One of the biggest tips for safe trick-or-treating is to not go trick-or-treating.

Or at least not what we traditionally think of as trick-or-treating, meaning kids going door-to-door in neighborhoods asking for candy.

"Nationwide more and more people and groups are encouraging more local events and less trick-or-treating," said Melissa Hobbs, public education officer for the Woodward Fire Department.

Hobbs said children can still collect plenty of candy and have lots of Halloween fun at community events, and do so in a more controlled and safer environment.

"At a community event, usually the parents are with their children, so the children are being watched and supervised," she said.  "But when they go out trick-or-treating, the parents may not be with them and that's when worse things can happen."

Because often children get caught up in all the holiday excitement and safety is the farthest thing from their mind.

"Kids get excited running from house to house sometimes.  I remember when I was a kid, we'd have competitions to see who could get the most candy," Hobbs said.  "But there may be vehicles parked along the street and when a kid darts out from behind one to cross the street to the next house, a car driving down the road may not see them."

While Woodward has been fortunate not to have too many serious accidents in the past, Hobbs said vehicle versus pedestrian accidents are always a major concern on Halloween.

One sobering statistic, she said, is that "on Halloween, you basically double the odds of children getting run over because there's just so many out and about."

She said that statistic is according to the child injury prevention organization Safe Kids USA (

In Woodward, several places are offering community events where children and parents will not have to worry about walking through traffic.

"The Main Street event that they've been promoting is a good one," Hobbs said.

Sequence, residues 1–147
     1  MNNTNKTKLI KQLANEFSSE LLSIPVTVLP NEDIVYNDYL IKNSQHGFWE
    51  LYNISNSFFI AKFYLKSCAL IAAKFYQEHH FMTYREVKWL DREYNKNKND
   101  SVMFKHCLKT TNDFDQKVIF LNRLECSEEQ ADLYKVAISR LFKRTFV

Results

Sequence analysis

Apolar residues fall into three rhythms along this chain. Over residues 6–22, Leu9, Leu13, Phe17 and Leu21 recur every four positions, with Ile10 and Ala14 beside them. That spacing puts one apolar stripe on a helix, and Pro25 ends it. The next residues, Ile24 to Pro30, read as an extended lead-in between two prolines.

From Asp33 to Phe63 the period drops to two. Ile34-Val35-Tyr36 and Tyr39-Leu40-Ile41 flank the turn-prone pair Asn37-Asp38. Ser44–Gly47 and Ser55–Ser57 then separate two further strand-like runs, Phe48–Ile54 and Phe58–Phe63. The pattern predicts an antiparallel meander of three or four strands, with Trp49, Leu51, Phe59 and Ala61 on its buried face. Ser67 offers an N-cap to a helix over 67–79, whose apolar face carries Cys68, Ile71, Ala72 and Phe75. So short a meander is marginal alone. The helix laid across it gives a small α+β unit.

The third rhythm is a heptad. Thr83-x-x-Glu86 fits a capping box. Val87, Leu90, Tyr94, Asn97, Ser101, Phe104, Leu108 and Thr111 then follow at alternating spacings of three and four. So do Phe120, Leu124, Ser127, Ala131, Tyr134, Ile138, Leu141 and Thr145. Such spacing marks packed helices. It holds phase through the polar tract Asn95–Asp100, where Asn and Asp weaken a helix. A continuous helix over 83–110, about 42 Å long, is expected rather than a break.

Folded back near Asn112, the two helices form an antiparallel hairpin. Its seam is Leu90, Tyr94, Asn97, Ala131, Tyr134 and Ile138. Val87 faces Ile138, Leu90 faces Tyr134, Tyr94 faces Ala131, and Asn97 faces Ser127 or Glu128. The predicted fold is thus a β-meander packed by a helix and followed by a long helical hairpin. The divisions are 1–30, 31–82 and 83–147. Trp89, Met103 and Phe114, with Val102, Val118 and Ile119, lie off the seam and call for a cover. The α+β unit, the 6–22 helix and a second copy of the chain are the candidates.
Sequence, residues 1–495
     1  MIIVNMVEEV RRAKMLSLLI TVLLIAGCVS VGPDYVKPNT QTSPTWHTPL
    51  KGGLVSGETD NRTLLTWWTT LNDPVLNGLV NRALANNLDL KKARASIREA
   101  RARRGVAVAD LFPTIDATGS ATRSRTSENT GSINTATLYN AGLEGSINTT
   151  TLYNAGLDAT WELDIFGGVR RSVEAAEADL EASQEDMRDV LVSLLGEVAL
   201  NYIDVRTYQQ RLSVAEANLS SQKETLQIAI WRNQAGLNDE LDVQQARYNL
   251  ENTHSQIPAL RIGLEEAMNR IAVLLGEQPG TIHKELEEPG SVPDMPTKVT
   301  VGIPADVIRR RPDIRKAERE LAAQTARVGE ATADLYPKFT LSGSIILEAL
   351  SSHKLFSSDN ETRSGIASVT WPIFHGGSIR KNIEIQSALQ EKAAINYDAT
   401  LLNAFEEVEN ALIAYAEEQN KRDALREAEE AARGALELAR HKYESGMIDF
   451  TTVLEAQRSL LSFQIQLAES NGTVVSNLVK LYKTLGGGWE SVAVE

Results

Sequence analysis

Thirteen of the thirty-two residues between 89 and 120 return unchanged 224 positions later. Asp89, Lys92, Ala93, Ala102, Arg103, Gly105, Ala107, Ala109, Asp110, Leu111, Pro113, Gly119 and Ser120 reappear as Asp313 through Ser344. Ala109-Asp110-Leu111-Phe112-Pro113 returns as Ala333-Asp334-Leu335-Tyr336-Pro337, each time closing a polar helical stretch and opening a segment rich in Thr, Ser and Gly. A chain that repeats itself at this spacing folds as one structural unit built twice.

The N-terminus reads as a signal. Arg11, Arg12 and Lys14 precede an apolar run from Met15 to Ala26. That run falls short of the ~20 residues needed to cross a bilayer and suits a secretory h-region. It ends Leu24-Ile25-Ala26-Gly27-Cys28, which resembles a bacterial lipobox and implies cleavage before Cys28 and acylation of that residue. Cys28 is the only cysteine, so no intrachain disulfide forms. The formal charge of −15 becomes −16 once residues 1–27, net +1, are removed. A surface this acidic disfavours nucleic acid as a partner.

As part of the Main Street Trick-or-Treating, traffic will be blocked off along Main Street between 13th and 7th Streets from 5 p.m. to 6:30 p.m. so that children can go around to various merchants collecting candy.  

A number of churches are also offering events at their facilities, including Woodward First Baptist Church with its Kids Fest from 5:30 p.m. to 7:30 p.m. and Woodward's Nazarene Church with Trunk-or-Treating from 6 p.m. to 8 p.m.

However, for those parents who decide to allow their children to still do traditional trick-or-treating, Hobbs said there are some important safety tips they can follow to help make sure they stay out of trouble.

"For kids, we always tell them to stay on the sidewalks and paths.  And be sure to tell them to look both ways before crossing a road," she said.

Hobbs said drivers need to be looking out for kids too.

"For those who are out driving, slow down.  And no distractions, that's a big thing I'm teaching teenage drivers at the high schools, but it applies to everyone.  Don't be on your phones or texting at all, because there will be people everywhere on Halloween night," she said.  

As an additional safety measure, she said drivers should "turn your headlights on even earlier than you would normally.  And again slow way down."

To help make children easier for drivers to spot, Hobbs said parents can give them glow sticks, place reflective tape on the front and back of their costumes and on treat bags, have them wear lighter colored costumes, and/or carry a flashlight.

Some other important safety tips for parents to keep in mind, Hobbs said, is to make sure the child's costume fits well and they can see through any masks, to help them avoid any trips and falls.

And of course, "always check their candy when they get home. Basically make sure it's never been opened before."

Those giving out candy can also play a role in making sure every child's Halloween is a safe and happy one.

"If you want kids to come to your house, then make sure it's well-lit and pick up anything that might cause someone to trip or fall," Hobbs said.

She also offered some tips for pet owners.

Hobbs said she was speaking with Animal Control Officer Slab Criswell "and he brought up some good points about putting your pets up on Halloween.  Because even though they may have never attacked before, they could potentially get scared and react badly in a situation with so many strange people in costumes."

The Red Cross also offers some additional safety tips including:

•  Look for flame-resistant costumes.

•  Plan the Trick-or-Treat route and make sure adults know where children are going. A parent or responsible adult should accompany young children as they make their way around the neighborhood.

•  Visit only the homes that have a porch light on. Accept treats at the door – never go inside.

•  Instead of masks, which can cover the eyes and make it hard to see, consider using face paint.

• Walk only on the sidewalks, not in the street. If no sidewalk is available, walk at the edge of the roadway, facing traffic. Look both ways before crossing the street and cross only at the corner. Don’t cut across yards or use alleys. Don’t cross between parked cars.

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